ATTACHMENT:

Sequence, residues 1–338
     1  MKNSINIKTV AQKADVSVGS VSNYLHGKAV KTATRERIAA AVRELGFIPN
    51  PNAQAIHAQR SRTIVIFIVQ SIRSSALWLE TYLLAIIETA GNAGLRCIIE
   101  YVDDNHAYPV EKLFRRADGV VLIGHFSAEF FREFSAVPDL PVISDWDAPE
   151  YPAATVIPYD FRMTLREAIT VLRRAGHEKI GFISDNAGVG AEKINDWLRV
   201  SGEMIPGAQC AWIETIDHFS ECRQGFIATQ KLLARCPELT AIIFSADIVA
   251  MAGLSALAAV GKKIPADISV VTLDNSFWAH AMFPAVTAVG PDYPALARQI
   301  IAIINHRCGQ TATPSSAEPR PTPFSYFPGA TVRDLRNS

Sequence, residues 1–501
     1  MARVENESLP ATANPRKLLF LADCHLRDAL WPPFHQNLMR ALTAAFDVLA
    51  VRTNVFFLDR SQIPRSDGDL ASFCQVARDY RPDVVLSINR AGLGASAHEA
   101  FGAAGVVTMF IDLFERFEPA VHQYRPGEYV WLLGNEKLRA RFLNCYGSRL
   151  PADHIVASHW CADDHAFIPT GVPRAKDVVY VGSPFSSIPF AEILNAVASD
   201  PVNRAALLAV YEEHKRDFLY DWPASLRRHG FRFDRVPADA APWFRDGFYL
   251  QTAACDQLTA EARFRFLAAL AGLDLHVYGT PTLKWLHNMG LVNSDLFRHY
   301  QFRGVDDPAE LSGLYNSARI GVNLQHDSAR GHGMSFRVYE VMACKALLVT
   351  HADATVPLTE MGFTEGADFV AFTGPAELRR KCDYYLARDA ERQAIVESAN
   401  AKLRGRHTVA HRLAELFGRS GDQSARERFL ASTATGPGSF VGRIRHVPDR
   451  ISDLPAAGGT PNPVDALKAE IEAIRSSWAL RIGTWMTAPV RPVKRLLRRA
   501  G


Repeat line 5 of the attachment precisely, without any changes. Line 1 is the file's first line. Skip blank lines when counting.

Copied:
   151  YPAATVIPYD FRMTLREAIT VLRRAGHEKI GFISDNAGVG AEKINDWLRV